In December 2022, I composed a brief, non-scientific survey to gain some data on American artists: who was working, who had left the field; who was making their primary living from the arts, who was gigging in different fields. My sincere thanks to those who took the time to complete the survey. (And big thanks to those who alerted me to confusing language and missing/misnamed demographic categories.)
I was curious to dig into artistic identity: whether being an artist was a bit of personal or professional identity, and whether one’s income or employment changed the way they self-identified.
141 people responded to my questions. Of those surveyed, 95.7% consider themselves artists, and listed disciplines from vocalist and instrumentalist to theatrical designers and culinary artists.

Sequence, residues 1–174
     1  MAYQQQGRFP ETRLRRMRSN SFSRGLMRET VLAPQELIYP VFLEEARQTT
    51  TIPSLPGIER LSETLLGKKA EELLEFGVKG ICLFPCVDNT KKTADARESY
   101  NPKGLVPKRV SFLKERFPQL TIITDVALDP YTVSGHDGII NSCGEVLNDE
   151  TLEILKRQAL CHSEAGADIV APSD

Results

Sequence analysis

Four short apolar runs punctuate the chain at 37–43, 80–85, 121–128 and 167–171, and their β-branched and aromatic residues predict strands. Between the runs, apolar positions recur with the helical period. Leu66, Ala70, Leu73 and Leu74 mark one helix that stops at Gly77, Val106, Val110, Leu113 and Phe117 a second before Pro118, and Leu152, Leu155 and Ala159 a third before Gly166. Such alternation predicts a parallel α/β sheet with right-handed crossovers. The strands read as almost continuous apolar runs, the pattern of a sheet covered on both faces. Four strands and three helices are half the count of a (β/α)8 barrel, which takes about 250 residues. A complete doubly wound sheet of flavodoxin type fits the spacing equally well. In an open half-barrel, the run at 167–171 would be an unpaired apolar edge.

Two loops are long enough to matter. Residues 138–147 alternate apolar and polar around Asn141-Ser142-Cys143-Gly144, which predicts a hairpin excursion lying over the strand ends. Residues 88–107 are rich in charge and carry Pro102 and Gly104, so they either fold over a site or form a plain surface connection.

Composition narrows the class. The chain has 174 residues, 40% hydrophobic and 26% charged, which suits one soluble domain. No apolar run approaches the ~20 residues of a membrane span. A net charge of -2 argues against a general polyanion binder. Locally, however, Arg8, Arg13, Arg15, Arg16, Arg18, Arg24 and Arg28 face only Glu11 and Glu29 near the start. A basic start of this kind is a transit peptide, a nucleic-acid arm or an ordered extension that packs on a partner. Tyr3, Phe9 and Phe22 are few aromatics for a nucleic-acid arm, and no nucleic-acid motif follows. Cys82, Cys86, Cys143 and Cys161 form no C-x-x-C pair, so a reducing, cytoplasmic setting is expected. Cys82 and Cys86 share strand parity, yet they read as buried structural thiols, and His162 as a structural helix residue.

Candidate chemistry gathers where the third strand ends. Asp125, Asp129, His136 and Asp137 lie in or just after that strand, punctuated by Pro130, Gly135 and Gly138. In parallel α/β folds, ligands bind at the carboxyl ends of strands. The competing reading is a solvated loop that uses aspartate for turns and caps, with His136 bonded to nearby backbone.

And when making introductions, 75.2% of respondents lead with their artistic discipline. When asked whether they felt “artist” was a personal or professional descriptor, 69.5% said that the term applied simultaneously to both.
46.1% of respondents are working simultaneously in an artistic and non-artistic field.
Prior to 2020, 68.8% of those surveyed made their primary income through their artistic discipline; that number fell 14 points to 54.6% at the end of 2022. But 84.4% of respondents are currently professionally involved in some way in their primary artistic discipline.
In asking how recent world events affected their professional identity, 23.7% of respondents replied that the events of the last few years affected them profoundly. (1= minimally: 10= profoundly)
Next up: some stats on those folks who left the field over the last few years, their reasons for doing so, and how they’re feeling about their decisions.